Portal:Criminal justice

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Scales of Justice
Criminal justice is the system of practices, and organizations, used by national and local governments, directed at maintaining social control, deterring and controlling crime, and sanctioning those who violate laws with criminal penalties and rehabilitation. The primary agencies charged with these responsibilities are law enforcement (police and prosecutors), courts, defense attorneys and local jails and prisons which administer the procedures for arrest, charging, adjudication and punishment of those found guilty. When processing the accused through the criminal justice system, government must keep within the framework of laws that protect individual rights. The pursuit of criminal justice is, like all forms of "justice", "fairness" or "process", essentially the pursuit of an ideal. Throughout history, criminal justice has taken on many different forms which often reflect the cultural mores of society.
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Lady Justice is a personification of the law
Law is a system of rules which is usually enforced through a set of institutions. Law frames everyday life and society in a wide variety of ways. "The rule of law," wrote the ancient Greek philosopher Aristotle in 350 BC, "is better than the rule of any individual." Legal systems around the world elaborate legal rights and responsibilities in different ways. A basic distinction is made between civil law jurisdictions and systems using common law. Small numbers of countries still base their law on religious scripts. Scholars investigate the nature of law through many perspectives, including legal history and philosophy, or social sciences, such as economics and sociology. The study of law raises important questions about equality, fairness and justice, which is not always simple. "In its majestic equality," said the author Anatole France in 1894, "the law forbids rich and poor alike to sleep under bridges, beg in the streets and steal loaves of bread." The most important institutions for law are the judiciary, the legislature, the executive, its bureaucracy, the military and police, the legal profession and civil society.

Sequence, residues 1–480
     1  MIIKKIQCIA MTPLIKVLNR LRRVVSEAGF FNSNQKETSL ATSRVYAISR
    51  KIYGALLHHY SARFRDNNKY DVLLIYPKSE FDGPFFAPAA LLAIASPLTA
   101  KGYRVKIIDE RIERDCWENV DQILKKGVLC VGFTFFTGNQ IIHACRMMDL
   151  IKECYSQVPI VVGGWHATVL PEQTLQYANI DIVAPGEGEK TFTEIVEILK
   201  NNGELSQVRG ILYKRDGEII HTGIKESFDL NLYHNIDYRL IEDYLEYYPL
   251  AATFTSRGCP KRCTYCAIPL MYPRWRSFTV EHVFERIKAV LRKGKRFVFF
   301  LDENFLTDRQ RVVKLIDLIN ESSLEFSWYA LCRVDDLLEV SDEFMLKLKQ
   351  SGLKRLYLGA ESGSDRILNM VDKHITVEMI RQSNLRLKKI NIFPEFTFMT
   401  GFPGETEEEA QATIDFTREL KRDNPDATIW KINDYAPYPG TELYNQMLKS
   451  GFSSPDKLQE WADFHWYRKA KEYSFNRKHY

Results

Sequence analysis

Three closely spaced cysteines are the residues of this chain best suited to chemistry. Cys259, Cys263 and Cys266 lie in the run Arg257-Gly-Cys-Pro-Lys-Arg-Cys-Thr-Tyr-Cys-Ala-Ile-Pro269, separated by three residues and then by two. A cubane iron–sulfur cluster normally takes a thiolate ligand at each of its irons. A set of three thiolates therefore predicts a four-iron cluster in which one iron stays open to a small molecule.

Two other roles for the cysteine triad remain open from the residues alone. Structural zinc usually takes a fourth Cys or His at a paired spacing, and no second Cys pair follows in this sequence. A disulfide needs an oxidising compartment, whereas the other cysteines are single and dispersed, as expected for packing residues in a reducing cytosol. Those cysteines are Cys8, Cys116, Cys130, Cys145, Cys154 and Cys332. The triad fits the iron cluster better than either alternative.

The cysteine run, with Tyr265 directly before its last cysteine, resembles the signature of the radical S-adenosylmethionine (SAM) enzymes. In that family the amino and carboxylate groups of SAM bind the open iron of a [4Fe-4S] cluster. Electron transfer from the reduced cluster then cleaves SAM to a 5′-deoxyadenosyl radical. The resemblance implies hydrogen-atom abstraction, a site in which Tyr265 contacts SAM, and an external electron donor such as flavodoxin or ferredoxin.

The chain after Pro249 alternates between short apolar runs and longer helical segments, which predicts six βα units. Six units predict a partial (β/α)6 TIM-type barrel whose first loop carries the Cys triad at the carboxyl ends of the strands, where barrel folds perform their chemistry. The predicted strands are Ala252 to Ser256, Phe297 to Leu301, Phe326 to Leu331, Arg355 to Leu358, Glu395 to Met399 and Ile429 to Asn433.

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Empty jury box in an American courtroom
Credit: Ken Lund

A jury is a sworn body of persons convened to render a rational, impartial verdict and a finding of fact on a legal question officially submitted to them, or to set a penalty or judgment in a jury trial of a court of law. The word "jury" originates in Latin, from "juris"-law. In French, it became "juri" a law body. The petit jury or trial jury hears the evidence in a case and decides the disputed facts and usually consists of 12 jurors, although Scotland uses 15 jurors in criminal trials.

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Wikinews Crime and law portal
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Virginia Tech memorial
Seung-Hui Cho (January 18, 1984 – April 16, 2007) was a student at Virginia Tech who committed mass murder of 32 people and wounded 25 others in the shooting rampage which has come to be known as the Virginia Tech massacre. Cho committed suicide after law enforcement officers breached the doors of the building where he had killed and injured his victims. Cho was a South Korean national who had permanent resident status in the United States, where he arrived at a young age with his family. He was diagnosed with a severe form of an anxiety disorder known as selective mutism in middle school, as well as depression. In the aftermath of the Virginia Tech shootings, Virginia Governor Tim Kaine convened a panel consisting of various officials and experts to investigate and examine the response and handling of issues related to the Virginia Tech shootings. The panel released its final report in August 2007, devoting more than 30 pages to detailing Cho's troubled history. In the report, the panel criticized numerous failures — by school administrators, educators and mental health professionals who came into contact with Cho during his college years and who failed to notice his deteriorating condition and help him. The panel also criticized misinterpretations of privacy laws and gaps in Virginia's mental health system and gun laws. In addition, the panel faulted Virginia Tech administrators in particular for failing to take immediate action after the first shootings.

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W. E. B. Du Bois
The chief problem in any community cursed with crime is not the punishment of the criminal, but the preventing of the young from being trained to crime.

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